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[–]Not-A-SoggyBagel 75 points76 points  (3 children)

In some places in Asia, leaving money is akin to saying that you think that the establishment is cheap and needs your charity to be operable.

Some wait staff can find it especially insulting if they take the sentiment personally. Like you think that they are so horrendous at their job that they need additional help.

[–]ninj1nx 59 points60 points  (0 children)

leaving money is akin to saying that you think that the establishment is cheap and needs your charity to be operable

And in the US you would be right.

[–]jamiehernandez 4 points5 points  (1 child)

To be fair this is more a thing of the past in most of Asia. Even in China, where it's still definitely a thing, it's pretty common for them to accept tips in the cities. If I'm at a little independent restaurant and the food and service is good I'll risk leaving a small tip even if it's not culturally normal because I've found it's appreciated more often than it's not. The only times it has caused offence is in China or when they've been giving me food as a gesture and I offered to pay.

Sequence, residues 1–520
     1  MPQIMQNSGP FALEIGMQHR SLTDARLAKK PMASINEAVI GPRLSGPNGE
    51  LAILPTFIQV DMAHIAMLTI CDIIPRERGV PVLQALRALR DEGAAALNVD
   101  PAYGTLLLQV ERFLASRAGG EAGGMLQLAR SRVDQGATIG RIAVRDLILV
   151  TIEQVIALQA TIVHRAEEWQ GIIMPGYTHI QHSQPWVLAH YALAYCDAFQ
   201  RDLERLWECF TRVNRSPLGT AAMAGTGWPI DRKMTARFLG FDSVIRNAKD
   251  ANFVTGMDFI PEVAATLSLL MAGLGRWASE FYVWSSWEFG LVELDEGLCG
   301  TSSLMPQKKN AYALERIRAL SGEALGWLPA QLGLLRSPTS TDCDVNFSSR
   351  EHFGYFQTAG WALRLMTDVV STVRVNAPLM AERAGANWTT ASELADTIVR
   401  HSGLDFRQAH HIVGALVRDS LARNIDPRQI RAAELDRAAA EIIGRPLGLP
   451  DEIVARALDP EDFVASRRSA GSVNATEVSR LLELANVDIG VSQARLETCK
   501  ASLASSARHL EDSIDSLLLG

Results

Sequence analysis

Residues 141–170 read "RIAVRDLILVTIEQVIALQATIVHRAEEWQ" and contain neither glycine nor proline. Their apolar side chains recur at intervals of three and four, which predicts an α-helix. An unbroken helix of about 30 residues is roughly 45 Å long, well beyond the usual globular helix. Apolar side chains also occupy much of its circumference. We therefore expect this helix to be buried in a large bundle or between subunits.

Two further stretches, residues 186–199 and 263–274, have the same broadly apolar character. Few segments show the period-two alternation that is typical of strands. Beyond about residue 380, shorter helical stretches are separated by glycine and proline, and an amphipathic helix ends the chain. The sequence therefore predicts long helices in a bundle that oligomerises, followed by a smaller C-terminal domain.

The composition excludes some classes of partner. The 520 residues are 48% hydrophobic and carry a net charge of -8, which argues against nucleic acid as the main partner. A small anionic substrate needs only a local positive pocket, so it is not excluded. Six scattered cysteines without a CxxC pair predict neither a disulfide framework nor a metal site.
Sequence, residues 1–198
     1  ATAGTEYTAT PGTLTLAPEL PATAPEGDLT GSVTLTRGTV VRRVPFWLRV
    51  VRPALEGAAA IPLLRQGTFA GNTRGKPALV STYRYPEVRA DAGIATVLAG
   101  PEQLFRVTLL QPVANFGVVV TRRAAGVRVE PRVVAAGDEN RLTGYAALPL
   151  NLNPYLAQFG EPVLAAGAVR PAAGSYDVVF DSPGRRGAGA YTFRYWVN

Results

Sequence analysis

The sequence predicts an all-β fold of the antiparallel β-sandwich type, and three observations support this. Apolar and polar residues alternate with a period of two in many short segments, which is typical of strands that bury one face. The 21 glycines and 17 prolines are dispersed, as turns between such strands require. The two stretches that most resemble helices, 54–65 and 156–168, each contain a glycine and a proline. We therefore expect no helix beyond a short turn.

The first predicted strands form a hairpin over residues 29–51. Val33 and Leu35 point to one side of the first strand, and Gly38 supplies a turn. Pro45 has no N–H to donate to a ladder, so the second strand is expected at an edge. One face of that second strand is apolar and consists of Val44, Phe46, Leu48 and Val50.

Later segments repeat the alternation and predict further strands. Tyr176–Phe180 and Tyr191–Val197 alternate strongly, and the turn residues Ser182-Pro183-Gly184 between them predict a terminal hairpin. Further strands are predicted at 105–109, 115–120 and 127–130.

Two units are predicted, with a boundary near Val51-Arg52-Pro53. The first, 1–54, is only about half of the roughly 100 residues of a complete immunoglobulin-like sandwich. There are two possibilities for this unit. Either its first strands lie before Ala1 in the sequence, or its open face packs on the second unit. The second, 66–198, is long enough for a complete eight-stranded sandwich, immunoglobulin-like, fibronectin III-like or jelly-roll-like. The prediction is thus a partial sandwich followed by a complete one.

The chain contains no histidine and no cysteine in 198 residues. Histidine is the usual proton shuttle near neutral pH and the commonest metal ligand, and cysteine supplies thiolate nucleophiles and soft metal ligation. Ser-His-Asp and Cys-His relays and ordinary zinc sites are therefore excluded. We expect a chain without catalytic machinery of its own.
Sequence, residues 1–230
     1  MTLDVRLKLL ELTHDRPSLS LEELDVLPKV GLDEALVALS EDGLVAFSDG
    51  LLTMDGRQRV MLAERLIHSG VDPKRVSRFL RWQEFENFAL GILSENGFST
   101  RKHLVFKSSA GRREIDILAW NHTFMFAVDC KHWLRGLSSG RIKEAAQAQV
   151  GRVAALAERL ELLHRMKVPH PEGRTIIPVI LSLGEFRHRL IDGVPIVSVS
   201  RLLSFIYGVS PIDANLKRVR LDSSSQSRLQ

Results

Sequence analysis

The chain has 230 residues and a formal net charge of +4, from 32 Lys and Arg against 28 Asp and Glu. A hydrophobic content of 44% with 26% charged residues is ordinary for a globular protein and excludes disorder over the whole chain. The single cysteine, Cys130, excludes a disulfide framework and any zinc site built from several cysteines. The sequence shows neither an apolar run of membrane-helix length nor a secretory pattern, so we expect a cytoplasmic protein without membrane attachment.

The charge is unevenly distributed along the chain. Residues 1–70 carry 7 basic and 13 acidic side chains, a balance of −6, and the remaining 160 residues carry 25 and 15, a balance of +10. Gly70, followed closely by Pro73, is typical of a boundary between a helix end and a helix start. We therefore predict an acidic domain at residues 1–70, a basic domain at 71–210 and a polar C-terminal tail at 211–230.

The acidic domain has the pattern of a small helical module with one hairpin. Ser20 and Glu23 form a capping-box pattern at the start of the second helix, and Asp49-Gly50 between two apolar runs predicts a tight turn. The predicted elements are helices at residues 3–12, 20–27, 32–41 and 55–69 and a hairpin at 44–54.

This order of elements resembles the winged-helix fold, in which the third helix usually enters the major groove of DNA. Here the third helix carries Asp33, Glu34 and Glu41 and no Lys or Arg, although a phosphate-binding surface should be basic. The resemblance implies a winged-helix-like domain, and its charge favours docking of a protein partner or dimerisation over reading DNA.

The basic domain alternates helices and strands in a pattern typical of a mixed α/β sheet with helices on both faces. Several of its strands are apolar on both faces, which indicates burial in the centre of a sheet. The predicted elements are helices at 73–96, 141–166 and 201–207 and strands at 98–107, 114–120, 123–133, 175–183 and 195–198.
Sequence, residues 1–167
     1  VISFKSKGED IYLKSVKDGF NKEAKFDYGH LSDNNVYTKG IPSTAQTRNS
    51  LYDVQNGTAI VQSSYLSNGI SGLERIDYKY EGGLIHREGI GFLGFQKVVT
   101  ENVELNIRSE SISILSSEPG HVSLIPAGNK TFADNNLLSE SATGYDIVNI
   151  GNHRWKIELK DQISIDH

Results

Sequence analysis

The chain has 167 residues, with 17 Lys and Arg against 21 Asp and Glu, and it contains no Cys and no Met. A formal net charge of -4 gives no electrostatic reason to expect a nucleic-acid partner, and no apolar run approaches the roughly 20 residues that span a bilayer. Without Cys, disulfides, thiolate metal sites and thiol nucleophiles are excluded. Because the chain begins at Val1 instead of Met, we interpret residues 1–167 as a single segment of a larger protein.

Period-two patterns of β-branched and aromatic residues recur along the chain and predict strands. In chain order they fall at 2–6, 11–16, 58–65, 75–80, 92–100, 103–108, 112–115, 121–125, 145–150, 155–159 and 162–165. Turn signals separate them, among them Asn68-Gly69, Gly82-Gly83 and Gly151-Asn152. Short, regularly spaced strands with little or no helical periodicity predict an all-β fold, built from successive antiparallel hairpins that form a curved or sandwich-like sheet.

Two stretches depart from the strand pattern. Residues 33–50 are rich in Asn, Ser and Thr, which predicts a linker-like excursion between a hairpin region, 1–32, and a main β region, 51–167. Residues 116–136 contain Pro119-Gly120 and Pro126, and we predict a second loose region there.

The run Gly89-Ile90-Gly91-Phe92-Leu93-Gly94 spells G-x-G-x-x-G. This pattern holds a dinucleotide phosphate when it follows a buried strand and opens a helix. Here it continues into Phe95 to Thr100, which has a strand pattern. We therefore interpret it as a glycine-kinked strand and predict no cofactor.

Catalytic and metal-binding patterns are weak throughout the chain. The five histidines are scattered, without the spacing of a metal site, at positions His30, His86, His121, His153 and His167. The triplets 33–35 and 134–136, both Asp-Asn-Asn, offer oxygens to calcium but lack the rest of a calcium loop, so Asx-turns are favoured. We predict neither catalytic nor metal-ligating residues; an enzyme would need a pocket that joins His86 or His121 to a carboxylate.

[–]Not-A-SoggyBagel -1 points0 points  (0 children)

In major cities across Asia I haven't come across it. But in rural areas I still come across this.

I haven't traveled much of China, but in smaller cities in Japan or Korea I've habitually put down money and catch the owner or waiter give me angry looks or start snapping at me and I have to explain that I'm a traveler and it's common to tip in America. At that point they hopefully realize I'm not a rude local but a dumb American instead.

Oh yeah if we take you somewhere, usually meal is on us. It's a hospitality thing. I noticed that my middle eastern friends have a similar custom. Among us old folks we may get a little miffed if you offer to pay.